•  “We all tend to filter the world around us through what we know. So try to go beyond what you already know. Fill your mind with the new. Nourish it with different interests. Open it to the extraordinary. Life is too short to let the world we experience be restricted by our own limited vision.”

  On automatic wage rises for factory workers: “I would like to have our people make a lot of money when I make a lot of money at the corporate level. Let’s distribute the cash. Let’s also get rid of this entitlement notion that’s associated with these structures”.

  After completing FCA’s five-year plan: “I am not going to do any more turnarounds. I’m done. Let some of the young punks do it”.

Steve Cropley


I’ll remember Marchionne for both warmth and coolness. Warmth in personal chat, coolness in the brilliant, witty eloquence he always deployed when chatting or answering questions.

He never tried to be conventional or fit a mould. I don’t believe being part of the herd ever even occurred to the man. His legacies will be the years-long rescues of Fiat, Chrysler and Alfa, his certainty that big-note corporate car industry mergers would have to continue — hence the audacious but unsuccessful attempts to join up with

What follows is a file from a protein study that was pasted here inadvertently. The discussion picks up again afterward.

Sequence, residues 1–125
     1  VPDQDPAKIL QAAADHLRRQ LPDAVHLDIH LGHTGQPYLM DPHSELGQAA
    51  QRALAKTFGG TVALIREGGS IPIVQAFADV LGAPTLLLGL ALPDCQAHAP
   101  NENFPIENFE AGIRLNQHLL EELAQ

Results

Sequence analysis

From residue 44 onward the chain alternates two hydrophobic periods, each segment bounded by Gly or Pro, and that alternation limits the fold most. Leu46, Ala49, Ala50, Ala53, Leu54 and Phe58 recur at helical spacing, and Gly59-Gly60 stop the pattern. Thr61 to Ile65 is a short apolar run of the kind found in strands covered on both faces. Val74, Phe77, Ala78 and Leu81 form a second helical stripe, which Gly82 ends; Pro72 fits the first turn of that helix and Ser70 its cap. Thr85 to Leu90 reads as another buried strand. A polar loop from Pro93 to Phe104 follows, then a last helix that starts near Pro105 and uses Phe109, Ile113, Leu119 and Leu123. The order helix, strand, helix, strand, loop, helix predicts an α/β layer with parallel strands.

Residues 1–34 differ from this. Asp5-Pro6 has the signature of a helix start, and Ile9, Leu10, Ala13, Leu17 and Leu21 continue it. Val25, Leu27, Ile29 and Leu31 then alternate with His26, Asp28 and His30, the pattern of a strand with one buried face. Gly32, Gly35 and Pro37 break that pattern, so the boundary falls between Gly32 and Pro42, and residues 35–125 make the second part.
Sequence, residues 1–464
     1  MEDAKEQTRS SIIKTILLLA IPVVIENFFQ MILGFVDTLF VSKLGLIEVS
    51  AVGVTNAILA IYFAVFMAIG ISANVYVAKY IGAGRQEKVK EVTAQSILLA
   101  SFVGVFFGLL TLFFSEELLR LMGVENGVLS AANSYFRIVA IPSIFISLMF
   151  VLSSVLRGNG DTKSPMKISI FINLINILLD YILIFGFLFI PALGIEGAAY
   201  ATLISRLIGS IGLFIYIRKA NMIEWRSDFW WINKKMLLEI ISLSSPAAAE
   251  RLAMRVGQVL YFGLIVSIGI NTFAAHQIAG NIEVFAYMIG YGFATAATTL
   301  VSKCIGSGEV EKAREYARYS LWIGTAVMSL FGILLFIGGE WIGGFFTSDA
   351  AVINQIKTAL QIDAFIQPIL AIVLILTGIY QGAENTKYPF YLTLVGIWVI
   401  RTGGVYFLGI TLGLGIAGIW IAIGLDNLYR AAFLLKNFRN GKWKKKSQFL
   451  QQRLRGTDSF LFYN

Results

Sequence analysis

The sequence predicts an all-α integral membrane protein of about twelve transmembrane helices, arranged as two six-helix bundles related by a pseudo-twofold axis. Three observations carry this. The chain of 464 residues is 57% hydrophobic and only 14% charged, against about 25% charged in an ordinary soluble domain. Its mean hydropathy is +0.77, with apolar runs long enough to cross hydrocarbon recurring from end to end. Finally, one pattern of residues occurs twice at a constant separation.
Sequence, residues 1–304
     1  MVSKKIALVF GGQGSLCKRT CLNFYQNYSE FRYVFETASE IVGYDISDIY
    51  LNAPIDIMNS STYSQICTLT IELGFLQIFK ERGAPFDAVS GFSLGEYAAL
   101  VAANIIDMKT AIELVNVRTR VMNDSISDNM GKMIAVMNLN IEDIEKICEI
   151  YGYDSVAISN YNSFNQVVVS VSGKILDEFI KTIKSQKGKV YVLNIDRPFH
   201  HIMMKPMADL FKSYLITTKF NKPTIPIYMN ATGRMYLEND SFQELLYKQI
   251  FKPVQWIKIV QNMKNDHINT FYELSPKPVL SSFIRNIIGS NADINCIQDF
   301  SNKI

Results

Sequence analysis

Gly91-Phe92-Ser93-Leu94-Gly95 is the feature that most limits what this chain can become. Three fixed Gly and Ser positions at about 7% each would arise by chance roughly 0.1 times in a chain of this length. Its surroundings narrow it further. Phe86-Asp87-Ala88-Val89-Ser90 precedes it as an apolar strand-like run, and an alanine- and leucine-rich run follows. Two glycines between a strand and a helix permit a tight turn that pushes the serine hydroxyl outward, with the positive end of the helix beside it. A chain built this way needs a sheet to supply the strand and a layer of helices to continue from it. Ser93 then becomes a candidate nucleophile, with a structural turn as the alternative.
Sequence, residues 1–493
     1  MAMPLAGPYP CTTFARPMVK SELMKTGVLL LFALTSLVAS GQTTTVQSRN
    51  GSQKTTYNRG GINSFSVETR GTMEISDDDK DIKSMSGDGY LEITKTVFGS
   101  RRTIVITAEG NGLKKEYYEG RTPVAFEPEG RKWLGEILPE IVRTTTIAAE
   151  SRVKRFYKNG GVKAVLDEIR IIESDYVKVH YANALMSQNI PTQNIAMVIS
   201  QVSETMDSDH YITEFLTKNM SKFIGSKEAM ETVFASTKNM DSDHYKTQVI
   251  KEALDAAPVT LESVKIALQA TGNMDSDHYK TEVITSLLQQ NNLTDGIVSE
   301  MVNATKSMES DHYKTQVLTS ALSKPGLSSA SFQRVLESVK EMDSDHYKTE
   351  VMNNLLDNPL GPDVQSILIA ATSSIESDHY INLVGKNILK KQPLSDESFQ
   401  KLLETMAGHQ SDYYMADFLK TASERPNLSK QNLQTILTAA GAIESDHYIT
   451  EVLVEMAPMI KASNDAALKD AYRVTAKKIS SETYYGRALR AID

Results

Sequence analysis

GM — and an abiding impression that on the corporate stage he was somehow more sure-footed than the rest of them.

His press conferences could be amazingly informative, because he was lightning quick at anticipating the direction of questions and always met them straightforwardly.

They could also be hilarious. He seemed especially to dislike German financial journalists and their often laborious questions about financial sensitivities or pension provisions, so far removed from the job of making a big business percolate, his first love.

Marchionne was a workaholic; it would be nice to think he’d have been rewarded with a little time to relax. On the other hand, given the immense amount of ground he covered and the order he created out of unprofitable chaos, it probably benefited many people that he worked at top speed right to the end.